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Title: Maternal Age at Birth and Childhood Type 1 Diabetes: A Pooled Analysis of 30 Observational Studies
Authors: Cardwell, Chris R.
Stene, Lars C.
Joner, Geir
Bulsara, Max K.
Cinek, Ondrej
Rosenbauer, Joachim
Ludvigsson, Johnny
Jane, Mireia
Svensson, Jannet
Goldacre, Michael J.
Waldhoer, Thomas
Jarosz-Chobot, Przemyslawa
Gimeno, Suely Godoy Agostinho [UNIFESP]
Chuang, Lee-Ming
Parslow, Roger C.
Wadsworth, Emma J. K.
Chetwynd, Amanda
Pozzilli, Paolo
Brigis, Girts
Urbonaite, Brone
Sipetic, Sandra
Schober, Edith
Devoti, Gabriele
Ionescu-Tirgoviste, Constantin
Beaufort, Carine E. de
Stoyanov, Denka
Buschard, Karsten
Patterson, Chris C.
Queens Univ Belfast
Norwegian Inst Publ Hlth
Oslo Univ Hosp
Univ Oslo
Univ Notre Dame
Charles Univ Prague
Univ Dusseldorf
Linkoping Univ
Dept Hlth
Glostrup Univ Hosp
Univ Oxford
Med Univ Vienna
Med Univ Silesia
Universidade Federal de São Paulo (UNIFESP)
Natl Taiwan Univ Hosp
Univ Leeds
Cardiff Univ
Univ Lancaster
Univ Campus Biomed
Riga Stradins Univ
Kaunas Univ Med
Univ Belgrade
Univ Lecce
N Paulescu Inst Diabet
Pediat Clin
Childrens Diabet Ctr
Issue Date: 1-Feb-2010
Publisher: Amer Diabetes Assoc
Citation: Diabetes. Alexandria: Amer Diabetes Assoc, v. 59, n. 2, p. 486-494, 2010.
Abstract: OBJECTIVE-The aim if the study was to investigate whether children born to older mothers have an increased risk of type 1 diabetes by performing a pooled analysis of previous studies using individual patient data to adjust for recognized confounders.RESEARCH DESIGN and METHODS-Relevant studies published before June 2009 were identified from MEDLINE, Web of Science, and EMBASE. Authors of studies were contacted and asked to provide individual patient data or conduct prespecified analyses. Risk estimates of type 1 diabetes by maternal age were calculated for each study, before and after adjustment for potential confounders. Meta-analysis techniques were used to derive combined odds ratios and to investigate heterogeneity among studies.RESULTS-Data were available for 5 cohort and 25 case-control studies, including 14,724 cases of type 1 diabetes. Overall, there was, on average, a 5% (95% CI 2-9) increase in childhood type 1 diabetes odds per 5-year increase in maternal age (P = 0.006), but there was heterogeneity among studies (heterogeneity I(2) = 70%). in studies with a low risk of bias, there was a more marked increase in diabetes odds of 10% per 5-year increase in maternal age. Adjustments for potential confounders little altered these estimates.CONCLUSIONS-There was evidence of a weak but significant linear increase in the risk of childhood type 1 diabetes across the range of maternal ages, but the magnitude of association varied between studies. A very small percentage of the increase in the incidence of childhood type 1 diabetes in recent years could be explained by increases in maternal age. Diabetes 59:486-494, 2010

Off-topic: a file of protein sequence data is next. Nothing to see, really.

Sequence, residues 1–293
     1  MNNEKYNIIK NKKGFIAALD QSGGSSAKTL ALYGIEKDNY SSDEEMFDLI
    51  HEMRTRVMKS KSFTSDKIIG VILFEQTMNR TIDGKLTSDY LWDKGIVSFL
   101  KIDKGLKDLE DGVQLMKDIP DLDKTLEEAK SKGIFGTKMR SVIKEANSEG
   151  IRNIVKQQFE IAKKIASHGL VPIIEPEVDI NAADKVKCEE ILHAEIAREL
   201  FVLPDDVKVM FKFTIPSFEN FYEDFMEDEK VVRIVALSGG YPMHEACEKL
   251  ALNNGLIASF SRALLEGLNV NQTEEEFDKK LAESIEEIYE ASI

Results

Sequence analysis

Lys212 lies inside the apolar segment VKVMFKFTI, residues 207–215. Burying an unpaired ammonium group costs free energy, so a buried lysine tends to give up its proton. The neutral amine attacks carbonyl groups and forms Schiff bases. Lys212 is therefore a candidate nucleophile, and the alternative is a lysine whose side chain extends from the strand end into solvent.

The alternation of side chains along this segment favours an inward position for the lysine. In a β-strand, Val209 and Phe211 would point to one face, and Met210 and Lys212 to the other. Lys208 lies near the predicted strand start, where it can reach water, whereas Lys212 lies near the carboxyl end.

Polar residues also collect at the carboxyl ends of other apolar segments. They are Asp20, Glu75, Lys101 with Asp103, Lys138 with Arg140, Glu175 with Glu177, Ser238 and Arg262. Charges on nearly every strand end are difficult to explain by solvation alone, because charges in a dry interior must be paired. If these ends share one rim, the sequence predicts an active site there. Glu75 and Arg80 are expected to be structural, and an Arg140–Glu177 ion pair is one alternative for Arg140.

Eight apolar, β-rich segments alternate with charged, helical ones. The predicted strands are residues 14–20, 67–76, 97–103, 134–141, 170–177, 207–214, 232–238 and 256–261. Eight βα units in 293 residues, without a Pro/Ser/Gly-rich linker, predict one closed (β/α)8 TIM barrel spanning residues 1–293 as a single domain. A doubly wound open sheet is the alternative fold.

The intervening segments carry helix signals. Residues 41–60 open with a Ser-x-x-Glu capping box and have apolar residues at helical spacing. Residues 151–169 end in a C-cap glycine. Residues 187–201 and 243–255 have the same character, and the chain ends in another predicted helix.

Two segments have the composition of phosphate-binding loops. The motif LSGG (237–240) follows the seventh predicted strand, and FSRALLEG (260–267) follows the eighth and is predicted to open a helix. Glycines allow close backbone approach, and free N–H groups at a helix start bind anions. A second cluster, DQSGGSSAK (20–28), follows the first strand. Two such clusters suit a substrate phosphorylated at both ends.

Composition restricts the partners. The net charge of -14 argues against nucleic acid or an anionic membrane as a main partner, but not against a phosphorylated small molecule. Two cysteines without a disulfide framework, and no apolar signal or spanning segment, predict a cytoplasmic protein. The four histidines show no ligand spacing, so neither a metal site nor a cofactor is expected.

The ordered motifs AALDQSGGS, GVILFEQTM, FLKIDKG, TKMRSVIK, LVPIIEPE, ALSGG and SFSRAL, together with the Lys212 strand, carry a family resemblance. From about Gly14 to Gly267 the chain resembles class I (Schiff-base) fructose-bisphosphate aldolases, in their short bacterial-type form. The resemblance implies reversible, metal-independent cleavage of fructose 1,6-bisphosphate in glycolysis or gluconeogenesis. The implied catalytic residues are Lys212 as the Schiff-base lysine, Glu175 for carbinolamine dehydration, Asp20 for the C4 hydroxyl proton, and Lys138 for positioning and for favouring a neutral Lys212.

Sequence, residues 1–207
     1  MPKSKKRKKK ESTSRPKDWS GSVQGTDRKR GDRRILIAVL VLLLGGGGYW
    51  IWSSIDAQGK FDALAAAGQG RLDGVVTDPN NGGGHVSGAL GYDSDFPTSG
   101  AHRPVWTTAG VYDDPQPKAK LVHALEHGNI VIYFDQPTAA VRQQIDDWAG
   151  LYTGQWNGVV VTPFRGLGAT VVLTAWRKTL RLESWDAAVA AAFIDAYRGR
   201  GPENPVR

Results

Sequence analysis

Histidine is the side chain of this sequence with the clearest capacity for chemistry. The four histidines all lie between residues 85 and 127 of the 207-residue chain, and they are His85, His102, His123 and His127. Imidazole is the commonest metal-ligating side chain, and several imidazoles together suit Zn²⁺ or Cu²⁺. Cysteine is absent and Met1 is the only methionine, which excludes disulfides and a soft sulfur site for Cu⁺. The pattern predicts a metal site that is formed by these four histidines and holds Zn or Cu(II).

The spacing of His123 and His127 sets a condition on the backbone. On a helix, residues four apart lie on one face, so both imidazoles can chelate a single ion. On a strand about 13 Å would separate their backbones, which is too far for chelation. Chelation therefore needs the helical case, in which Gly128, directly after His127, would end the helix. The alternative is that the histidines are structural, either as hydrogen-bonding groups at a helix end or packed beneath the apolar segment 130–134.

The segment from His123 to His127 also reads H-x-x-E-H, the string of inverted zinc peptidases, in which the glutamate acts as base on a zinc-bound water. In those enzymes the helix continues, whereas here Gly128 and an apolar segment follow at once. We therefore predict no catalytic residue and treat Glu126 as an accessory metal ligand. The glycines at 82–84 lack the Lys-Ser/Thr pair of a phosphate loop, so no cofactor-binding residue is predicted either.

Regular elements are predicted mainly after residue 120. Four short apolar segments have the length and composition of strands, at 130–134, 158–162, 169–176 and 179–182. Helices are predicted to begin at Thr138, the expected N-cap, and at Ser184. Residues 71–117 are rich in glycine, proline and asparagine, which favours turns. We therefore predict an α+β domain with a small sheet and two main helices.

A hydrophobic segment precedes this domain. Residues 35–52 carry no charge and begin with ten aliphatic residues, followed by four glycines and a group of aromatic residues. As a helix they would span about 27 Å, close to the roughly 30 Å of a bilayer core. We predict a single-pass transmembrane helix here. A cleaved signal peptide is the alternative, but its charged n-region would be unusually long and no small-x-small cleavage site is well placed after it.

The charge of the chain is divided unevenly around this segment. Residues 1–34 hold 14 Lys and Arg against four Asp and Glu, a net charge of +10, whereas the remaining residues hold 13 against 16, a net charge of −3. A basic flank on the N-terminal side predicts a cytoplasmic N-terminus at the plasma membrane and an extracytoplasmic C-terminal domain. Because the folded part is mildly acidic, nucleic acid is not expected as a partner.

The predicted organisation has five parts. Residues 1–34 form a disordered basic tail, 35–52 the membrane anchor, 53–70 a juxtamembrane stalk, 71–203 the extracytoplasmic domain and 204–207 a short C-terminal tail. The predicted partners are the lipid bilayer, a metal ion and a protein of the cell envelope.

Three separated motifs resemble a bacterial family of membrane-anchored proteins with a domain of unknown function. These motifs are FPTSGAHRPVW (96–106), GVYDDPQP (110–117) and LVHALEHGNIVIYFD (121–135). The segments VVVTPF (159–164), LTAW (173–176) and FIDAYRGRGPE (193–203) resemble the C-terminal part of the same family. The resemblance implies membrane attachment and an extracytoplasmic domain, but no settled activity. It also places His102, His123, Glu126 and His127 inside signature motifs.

ISSN: 0012-1797
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